A pair of cold fronts are coming to North Texas this weekend, and the second one could deliver an icy punch.
The National Weather Service has issued a winter storm warning from 6 p.m. Sunday through 6 p.m. Monday. Forecasters say commuters could wake up to ice-covered roadways on Monday morning.
“We’re expecting upward of a half-inch of sleet,” said National Weather Service meteorologist Matt Bishop. “It’s still kind of early but we went ahead and put out the winter storm watch. That way people are expecting to have some wintry weather toward the end of the weekend.”
The first cold front is expected to arrive early Saturday, dropping temperatures from around 60 into the high 30s.
The second cold front will follow on Sunday morning and bring with it a chance of rain during the day, turning into a wintry mix overnight, when temperatures are expected to plunge in the mid-20s.
It may not get above above freezing until sometime Tuesday so road conditions would likely be slippery throughout the day on Monday.
In the winter storm watch advisory, the National Weather Service said “sleet and ice accumulations will make travel hazardous across parts of North Texas. Bridges are likely to ice over first with main roads also accumulating sleet.”
For now, forecasters are calling for a 70 percent chance of freezing rain overnight Sunday with a low near 26. On Monday, there’s a 70 percent chance of freezing rain and sleet with a high near 31. If there are ice accumulations, the high may not reach freezing and lows Monday night are expected to be around 27.
Forecasters expect the precipitation to be light. And if it is less than anticipated, the impacts may be minimal, Bishop said.
The return of winter is still nothing compared to what’s taking place in the eastern U.S. where record-breaking cold will continue this weekend.
But while the precipitation may make Monday morning’s commute to work difficult, it will do little to ease the drought across North Texas. Most of the Dallas-Fort Worth area and counties to the west and north remain in exceptional drought, the most serious category.
Bill Hanna, 817-390-7698
Snow and ice in North Texas
Winter weather events in the Dallas-Fort Worth area over the past five years:
March 2, 2014: A sleet storm covered North Texas in ice, forcing the cancellation of 300 flights at Dallas/Fort Worth Airport. It also played a role in an Arlington traffic fatality.
Dec. 5-10 2013: The worst ice storm in years spawned two new terms: Icemaggedon and cobblestone ice. It started when freezing rain, sleet, and a little snow began falling during the afternoon of Dec. 5, and continued into Dec. 6. By morning, the Metroplex was in a deep freeze that shut down the entire region.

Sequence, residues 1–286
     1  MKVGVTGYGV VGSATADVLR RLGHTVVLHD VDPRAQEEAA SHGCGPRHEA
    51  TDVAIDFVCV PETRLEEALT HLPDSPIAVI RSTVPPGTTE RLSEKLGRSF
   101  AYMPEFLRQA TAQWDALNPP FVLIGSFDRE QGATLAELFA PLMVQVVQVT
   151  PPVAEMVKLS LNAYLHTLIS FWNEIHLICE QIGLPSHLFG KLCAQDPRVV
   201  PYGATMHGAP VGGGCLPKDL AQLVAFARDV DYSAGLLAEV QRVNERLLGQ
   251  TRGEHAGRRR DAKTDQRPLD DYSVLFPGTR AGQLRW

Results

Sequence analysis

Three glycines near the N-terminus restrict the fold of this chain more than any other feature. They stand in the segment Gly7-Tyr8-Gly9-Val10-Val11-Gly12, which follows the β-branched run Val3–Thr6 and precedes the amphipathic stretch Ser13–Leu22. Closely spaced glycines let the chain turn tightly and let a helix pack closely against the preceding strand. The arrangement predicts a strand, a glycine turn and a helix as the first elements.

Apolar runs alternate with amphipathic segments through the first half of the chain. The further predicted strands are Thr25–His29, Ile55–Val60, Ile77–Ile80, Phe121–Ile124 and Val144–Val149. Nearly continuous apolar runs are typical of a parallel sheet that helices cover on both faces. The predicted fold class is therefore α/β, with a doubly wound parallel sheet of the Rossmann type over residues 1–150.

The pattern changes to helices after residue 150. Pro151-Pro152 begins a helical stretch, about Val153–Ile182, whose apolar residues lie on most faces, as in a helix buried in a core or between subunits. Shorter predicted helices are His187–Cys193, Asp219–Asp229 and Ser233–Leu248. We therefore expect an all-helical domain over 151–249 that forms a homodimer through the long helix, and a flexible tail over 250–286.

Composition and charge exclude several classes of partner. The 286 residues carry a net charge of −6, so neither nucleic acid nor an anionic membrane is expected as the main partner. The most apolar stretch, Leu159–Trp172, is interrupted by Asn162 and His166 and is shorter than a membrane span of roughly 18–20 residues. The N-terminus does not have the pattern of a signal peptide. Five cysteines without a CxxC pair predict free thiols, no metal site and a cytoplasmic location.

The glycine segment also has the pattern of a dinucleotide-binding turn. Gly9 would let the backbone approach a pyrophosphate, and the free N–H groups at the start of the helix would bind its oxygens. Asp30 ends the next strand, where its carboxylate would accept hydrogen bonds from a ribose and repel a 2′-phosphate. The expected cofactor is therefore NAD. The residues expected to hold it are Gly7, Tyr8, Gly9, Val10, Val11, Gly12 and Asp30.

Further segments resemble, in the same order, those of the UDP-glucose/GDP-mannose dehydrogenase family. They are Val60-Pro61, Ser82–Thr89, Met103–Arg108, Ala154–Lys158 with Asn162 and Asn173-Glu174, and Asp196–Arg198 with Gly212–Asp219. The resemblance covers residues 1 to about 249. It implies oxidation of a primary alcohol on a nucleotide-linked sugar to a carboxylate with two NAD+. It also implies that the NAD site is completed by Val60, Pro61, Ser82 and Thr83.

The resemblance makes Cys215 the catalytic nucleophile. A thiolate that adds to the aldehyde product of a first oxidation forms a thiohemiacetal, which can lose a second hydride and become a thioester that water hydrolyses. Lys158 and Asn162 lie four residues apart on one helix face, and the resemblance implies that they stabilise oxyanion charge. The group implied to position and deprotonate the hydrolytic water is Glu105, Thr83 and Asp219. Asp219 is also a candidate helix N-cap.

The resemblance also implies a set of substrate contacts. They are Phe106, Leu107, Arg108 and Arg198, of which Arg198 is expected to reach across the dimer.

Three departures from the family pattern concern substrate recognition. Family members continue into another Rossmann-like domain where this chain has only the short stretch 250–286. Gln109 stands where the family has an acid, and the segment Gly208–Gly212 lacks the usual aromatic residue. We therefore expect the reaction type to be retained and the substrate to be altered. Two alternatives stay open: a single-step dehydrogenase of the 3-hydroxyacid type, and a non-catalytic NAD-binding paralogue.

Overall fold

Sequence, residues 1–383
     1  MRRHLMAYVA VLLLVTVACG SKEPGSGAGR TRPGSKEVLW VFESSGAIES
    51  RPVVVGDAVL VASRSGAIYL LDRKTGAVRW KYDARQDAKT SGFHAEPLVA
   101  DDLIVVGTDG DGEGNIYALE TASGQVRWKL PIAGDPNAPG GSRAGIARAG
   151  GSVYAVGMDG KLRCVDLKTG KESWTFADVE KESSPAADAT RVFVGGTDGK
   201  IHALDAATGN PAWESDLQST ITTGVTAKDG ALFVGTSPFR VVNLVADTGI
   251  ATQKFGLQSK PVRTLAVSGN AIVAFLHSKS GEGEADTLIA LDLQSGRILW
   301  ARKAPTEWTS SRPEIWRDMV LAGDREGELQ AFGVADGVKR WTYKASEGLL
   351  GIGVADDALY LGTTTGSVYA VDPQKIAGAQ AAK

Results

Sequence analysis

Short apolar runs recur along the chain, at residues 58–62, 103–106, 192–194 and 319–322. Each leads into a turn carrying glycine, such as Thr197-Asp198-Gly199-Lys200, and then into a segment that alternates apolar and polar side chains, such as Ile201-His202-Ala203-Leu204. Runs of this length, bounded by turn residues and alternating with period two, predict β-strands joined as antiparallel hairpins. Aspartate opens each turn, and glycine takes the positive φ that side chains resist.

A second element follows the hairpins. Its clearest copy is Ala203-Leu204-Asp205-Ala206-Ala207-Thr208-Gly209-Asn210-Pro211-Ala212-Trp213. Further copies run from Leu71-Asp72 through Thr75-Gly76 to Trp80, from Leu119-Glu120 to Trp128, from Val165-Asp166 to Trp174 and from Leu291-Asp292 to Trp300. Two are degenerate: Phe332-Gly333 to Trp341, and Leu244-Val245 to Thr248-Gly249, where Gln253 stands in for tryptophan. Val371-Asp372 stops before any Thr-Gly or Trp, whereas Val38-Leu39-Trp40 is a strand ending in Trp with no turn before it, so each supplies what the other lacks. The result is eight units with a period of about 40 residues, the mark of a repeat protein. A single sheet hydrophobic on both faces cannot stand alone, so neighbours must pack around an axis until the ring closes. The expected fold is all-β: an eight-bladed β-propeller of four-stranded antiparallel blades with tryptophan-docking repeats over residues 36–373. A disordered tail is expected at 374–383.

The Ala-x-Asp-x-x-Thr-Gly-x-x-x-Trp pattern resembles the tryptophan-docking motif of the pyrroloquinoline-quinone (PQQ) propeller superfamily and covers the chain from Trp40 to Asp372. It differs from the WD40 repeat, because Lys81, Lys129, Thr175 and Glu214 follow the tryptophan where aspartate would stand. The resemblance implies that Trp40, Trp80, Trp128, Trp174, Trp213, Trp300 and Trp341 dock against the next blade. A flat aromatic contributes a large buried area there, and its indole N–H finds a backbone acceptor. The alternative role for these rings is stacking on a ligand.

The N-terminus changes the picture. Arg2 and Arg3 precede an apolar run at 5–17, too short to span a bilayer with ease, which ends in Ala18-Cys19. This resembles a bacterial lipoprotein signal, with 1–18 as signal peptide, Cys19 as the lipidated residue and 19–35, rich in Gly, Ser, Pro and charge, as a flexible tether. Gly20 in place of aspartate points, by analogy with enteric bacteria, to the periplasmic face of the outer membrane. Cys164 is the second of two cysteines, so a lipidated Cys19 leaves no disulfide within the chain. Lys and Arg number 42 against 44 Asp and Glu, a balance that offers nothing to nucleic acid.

The cold temperatures made things even worse. The constant melting and refreezing, combined with the pounding from truck tires, turned the frozen stuff into something called cobblestone ice, making many highways impassable. Hundreds of cars and trucks were stranded, many on Interstate 35W from Fort Worth to the Oklahoma border and on Interstate 20 from Fort Worth to the west.
Dec. 25, 2012: A strong upper-level system and cold front generated hail-producing thunderstorms and then a wintry mix of snow and sleet that complicated travel. Four to 6 inches of snow fell in Denton, Parker and Collin counties.
Feb. 1-4, 2011: The world watched this one as two potent winter storms put an icy blanket on Super Bowl festivities. Rain then sleet, snow and ice were capped with howling winds and temperatures in the teens. From 3/4 of an inch to 2 inches of ice and sleet were recorded. Temperatures stayed below freezing for 100 hours.
March 20-21, 2010: A strong and frigid storm system dropped heavy snow north of Interstate 20, dumping 5 to 9 inches across Collin County.
Feb. 23, 2010: Rain turned to snow with an average of 2 to 5 inches falling in southern areas of North Texas.
Feb. 11-12, 2010: A record-breaking snow buried North Texas with 14.4 inches in Haslet and 12.5 inches at DFW Airport in 24 hours. The heavy snow resulted in widespread power outages. Clean up from tree damage lasted for weeks.
Source: Star-Telegram archives and the National Weather Service.